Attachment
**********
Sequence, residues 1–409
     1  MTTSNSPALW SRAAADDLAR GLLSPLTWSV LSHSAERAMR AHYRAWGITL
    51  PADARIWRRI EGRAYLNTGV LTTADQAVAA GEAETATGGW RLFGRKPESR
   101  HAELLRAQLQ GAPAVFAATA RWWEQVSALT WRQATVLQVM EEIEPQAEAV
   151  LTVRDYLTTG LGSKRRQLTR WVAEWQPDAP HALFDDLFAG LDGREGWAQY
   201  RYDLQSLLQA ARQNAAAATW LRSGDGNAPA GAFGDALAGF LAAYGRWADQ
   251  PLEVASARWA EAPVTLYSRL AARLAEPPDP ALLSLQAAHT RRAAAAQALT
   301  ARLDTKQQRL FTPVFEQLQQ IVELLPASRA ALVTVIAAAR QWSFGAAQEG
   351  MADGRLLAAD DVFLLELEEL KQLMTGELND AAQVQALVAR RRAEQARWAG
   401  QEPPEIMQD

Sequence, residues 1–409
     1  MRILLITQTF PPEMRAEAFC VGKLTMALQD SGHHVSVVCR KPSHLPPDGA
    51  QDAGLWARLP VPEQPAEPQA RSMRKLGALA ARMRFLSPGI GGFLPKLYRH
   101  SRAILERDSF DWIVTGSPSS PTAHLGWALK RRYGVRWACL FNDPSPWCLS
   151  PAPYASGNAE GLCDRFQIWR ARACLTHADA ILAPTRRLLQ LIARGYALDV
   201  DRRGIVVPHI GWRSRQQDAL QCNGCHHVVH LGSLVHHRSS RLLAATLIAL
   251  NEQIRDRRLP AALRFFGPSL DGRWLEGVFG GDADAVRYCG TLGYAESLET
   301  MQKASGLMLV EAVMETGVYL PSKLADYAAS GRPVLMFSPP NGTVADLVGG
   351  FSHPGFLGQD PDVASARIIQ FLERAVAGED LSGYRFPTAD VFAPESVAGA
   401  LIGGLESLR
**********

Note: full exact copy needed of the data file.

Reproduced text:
Sequence, residues 1–409
     1  MTTSNSPALW SRAAADDLAR GLLSPLTWSV LSHSAERAMR AHYRAWGITL
    51  PADARIWRRI EGRAYLNTGV LTTADQAVAA GEAETATGGW RLFGRKPESR
   101  HAELLRAQLQ GAPAVFAATA RWWEQVSALT WRQATVLQVM EEIEPQAEAV
   151  LTVRDYLTTG LGSKRRQLTR WVAEWQPDAP HALFDDLFAG LDGREGWAQY
   201  RYDLQSLLQA ARQNAAAATW LRSGDGNAPA GAFGDALAGF LAAYGRWADQ
   251  PLEVASARWA EAPVTLYSRL AARLAEPPDP ALLSLQAAHT RRAAAAQALT
   301  ARLDTKQQRL FTPVFEQLQQ IVELLPASRA ALVTVIAAAR QWSFGAAQEG
   351  MADGRLLAAD DVFLLELEEL KQLMTGELND AAQVQALVAR RRAEQARWAG
   401  QEPPEIMQD

Sequence, residues 1–409
     1  MRILLITQTF PPEMRAEAFC VGKLTMALQD SGHHVSVVCR KPSHLPPDGA
    51  QDAGLWARLP VPEQPAEPQA RSMRKLGALA ARMRFLSPGI GGFLPKLYRH
   101  SRAILERDSF DWIVTGSPSS PTAHLGWALK RRYGVRWACL FNDPSPWCLS
   151  PAPYASGNAE GLCDRFQIWR ARACLTHADA ILAPTRRLLQ LIARGYALDV
   201  DRRGIVVPHI GWRSRQQDAL QCNGCHHVVH LGSLVHHRSS RLLAATLIAL
   251  NEQIRDRRLP AALRFFGPSL DGRWLEGVFG GDADAVRYCG TLGYAESLET
   301  MQKASGLMLV EAVMETGVYL PSKLADYAAS GRPVLMFSPP NGTVADLVGG
   351  FSHPGFLGQD PDVASARIIQ FLERAVAGED LSGYRFPTAD VFAPESVAGA
   401  LIGGLESLR